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Birth Injuries

What If My Child Gets Injured During Childbirth?

Posted by on Jan 11, 2016 in Birth Injuries | 0 comments

About-to-Be parents are often plagued with a specific feeling once they find out that they’re going to have a child. Of course, most couples are ecstatic at the prospect while some may find that their soon-to-be addition to the family was unexpected, there is a specific feeling all the same that joins them all together: worries and fear.

What if I’m not good parent? What if I’m not ready to raise a child? And, one of the most crucial: what if something goes wrong?

This is something common for expecting couples or single parents as it is often in the nature of parents to worry about the safety of their offspring. However, when the fear becomes actualized – when the worst case scenario is upon them, a rare few actually know what to do next. They spend so long thinking about what could go wrong that so few actually prepare for what happens if things actually do go wrong.

So, what do you do if your child gets injured during childbirth? Stretch that timeframe out a bit as a child can still be vulnerable to significant injury until the age of 2—so, what do you do?

First things first, it is of the utmost importance to consult with someone who has significant expertise first. If the injury happened during delivery, a birth injury lawyer may argue that the doctor could be at fault. If your child becomes afflicted with cerebral palsy, that’s going to mean years of physical therapy and lifelong medication since cerebral palsy has no cure. If there was someone responsible for the child getting cerebral palsy then that person responsible needs to be accountable for the consequences of their actions.

Birth injuries are not just physically draining and traumatizing—this is true emotionally and financially as well. There is no shame in asking for help when you need it.

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Cerebral Palsy & Medical Malpractice

Posted by on Sep 3, 2013 in Birth Injuries, Cerebral Palsy, Medical Malpractice | 0 comments

Nearly three out of every one-thousand babies born in the United States are diagnosed with cerebral palsy. Cerebral palsy is a term given to a large group of disorders that primarily affect motor skills. Less commonly, cerebral palsy affects brain function. However, in the cases where cognition is affected, the patient faces a more severe and rehabilitation-intensive life.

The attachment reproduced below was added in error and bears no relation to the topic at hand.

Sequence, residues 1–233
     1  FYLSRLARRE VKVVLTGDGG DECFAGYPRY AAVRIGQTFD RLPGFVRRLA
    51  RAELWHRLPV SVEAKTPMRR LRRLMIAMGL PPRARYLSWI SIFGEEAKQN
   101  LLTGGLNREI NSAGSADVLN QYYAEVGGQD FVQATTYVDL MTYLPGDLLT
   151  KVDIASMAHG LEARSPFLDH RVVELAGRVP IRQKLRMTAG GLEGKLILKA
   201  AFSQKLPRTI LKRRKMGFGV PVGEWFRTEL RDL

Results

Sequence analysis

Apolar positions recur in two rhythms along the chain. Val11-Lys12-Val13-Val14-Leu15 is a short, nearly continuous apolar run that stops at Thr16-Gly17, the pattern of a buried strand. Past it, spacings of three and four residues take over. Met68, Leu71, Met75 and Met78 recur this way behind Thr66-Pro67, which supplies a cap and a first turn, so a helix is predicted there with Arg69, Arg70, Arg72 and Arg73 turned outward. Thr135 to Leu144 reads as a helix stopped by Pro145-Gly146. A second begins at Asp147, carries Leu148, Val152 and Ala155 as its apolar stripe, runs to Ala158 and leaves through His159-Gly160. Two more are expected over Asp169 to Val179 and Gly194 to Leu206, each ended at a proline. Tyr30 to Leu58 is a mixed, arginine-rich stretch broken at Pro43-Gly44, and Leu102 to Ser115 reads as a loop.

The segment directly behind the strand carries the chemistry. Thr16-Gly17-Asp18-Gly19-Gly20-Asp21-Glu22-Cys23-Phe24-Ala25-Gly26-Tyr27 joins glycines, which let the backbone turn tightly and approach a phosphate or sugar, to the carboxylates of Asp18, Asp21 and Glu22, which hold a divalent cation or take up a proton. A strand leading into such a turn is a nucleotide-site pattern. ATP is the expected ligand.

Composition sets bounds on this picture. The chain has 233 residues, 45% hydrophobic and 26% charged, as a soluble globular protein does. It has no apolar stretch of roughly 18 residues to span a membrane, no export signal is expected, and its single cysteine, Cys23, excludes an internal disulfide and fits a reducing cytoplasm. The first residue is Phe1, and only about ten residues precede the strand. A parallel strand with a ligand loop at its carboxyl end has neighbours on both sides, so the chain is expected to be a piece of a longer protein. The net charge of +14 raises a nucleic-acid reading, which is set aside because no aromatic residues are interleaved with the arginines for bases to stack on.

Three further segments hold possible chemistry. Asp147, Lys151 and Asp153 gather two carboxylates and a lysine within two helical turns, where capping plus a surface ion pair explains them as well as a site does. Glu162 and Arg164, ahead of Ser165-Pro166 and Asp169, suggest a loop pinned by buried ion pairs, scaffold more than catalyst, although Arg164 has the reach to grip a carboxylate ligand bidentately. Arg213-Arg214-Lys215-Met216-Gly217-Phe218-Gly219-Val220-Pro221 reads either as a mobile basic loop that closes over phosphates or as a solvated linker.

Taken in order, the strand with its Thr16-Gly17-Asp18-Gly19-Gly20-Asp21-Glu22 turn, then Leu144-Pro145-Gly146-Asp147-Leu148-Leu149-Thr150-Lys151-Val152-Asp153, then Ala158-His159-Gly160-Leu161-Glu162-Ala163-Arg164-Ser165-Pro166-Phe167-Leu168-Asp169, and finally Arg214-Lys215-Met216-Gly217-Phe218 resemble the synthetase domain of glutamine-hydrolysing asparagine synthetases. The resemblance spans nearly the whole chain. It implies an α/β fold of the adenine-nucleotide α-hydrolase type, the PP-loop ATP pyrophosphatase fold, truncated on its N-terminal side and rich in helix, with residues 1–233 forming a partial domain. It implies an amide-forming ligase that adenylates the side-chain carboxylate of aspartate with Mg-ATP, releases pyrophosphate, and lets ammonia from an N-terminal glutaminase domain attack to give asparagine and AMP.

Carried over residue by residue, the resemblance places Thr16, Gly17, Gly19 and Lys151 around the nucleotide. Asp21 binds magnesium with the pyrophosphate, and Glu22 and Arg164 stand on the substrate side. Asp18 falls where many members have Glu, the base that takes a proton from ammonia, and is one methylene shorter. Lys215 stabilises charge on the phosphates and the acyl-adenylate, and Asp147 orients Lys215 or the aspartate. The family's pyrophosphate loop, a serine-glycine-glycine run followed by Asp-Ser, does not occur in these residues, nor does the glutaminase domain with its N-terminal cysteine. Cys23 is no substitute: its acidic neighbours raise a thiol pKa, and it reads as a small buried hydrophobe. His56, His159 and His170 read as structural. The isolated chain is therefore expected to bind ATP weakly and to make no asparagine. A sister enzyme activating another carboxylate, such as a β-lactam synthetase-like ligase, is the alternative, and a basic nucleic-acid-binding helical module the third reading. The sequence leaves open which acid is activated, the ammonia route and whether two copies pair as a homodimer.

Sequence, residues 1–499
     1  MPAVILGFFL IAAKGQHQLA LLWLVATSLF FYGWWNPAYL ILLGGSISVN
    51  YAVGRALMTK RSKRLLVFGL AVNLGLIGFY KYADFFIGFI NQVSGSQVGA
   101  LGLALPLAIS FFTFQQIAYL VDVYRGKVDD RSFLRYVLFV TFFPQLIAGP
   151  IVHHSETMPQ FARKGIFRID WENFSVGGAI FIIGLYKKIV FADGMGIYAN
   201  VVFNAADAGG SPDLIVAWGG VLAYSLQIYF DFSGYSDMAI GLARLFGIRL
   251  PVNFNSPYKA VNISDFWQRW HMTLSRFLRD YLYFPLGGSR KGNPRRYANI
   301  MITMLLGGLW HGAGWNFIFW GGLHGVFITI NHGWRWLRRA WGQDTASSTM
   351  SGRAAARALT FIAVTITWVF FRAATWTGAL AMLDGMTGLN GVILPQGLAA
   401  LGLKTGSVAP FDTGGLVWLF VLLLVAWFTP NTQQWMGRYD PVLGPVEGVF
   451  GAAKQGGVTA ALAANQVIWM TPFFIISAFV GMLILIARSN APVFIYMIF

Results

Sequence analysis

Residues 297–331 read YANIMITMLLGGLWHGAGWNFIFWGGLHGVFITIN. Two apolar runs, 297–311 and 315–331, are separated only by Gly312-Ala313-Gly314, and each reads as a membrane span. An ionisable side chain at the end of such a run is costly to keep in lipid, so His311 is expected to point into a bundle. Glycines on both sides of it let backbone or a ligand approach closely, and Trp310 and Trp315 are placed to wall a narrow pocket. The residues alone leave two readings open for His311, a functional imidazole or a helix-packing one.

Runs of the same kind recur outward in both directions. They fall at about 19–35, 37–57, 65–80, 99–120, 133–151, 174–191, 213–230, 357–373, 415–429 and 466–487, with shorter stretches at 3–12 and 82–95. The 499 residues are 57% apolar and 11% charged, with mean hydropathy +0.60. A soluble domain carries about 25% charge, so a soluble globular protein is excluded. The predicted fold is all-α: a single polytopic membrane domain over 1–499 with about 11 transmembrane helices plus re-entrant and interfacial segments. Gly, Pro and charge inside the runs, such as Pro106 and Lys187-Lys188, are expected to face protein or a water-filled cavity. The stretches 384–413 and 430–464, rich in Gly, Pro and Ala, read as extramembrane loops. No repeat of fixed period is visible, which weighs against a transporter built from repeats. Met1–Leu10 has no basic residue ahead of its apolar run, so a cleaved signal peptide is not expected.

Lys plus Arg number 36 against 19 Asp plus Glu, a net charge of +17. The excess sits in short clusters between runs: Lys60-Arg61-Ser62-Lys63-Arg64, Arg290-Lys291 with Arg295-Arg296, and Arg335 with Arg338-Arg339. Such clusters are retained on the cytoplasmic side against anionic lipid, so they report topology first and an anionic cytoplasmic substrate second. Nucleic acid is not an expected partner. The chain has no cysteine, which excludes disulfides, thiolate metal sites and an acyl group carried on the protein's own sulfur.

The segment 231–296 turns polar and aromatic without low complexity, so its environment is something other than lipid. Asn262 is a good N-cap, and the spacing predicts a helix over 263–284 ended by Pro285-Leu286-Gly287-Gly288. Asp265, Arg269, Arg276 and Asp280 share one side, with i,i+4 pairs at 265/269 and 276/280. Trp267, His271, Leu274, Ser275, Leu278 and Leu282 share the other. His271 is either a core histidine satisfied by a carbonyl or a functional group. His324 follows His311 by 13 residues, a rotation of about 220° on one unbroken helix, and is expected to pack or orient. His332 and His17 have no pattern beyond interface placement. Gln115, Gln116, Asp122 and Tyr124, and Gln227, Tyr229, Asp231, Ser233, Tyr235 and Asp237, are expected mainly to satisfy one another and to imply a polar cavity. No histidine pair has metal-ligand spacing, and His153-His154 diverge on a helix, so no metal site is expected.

The different types of cerebral palsy are spastic, dyskinetic, ataxic, athetoid, hypnotic, and mixed. Of the different types of cerebral palsy, spastic cerebral palsy is the most common, occurring in nearly seventy percent of all cases. Typically, the most prevalent symptom of spastic cerebral palsy is muscle tightness. Nerve receptors in the spine are unable to receive brain signaling which then leads to muscle tightness or spasm.

While exact factors and causes for cerebral palsy can be difficult to understand for medical professionals, it is widely considered to be a congenital disease. Premature infants are at a higher risk in developing cerebral palsy as they are often more vulnerable to respiratory complications. Asphyxia, hypoxia of the brain, can be linked closely to the development of cerebral palsy.

In addition to birthing complications, the development of cerebral palsy can sometimes be detected before the child’s birth. In the cases where early prevention could occur, the development of cerebral palsy can often be linked to medical malpractice. According to the website of Massachusetts injury lawyers Crowe & Mulvey, LLP, common medical malpractice mistakes are misdiagnosis, late diagnosis, surgical errors, and anesthesia errors. Medical negligence can have enduring consequences like birth defects or and conditions such as cerebral palsy. Families are entitled to monetary benefits if the doctors are responsible for birthing problems.

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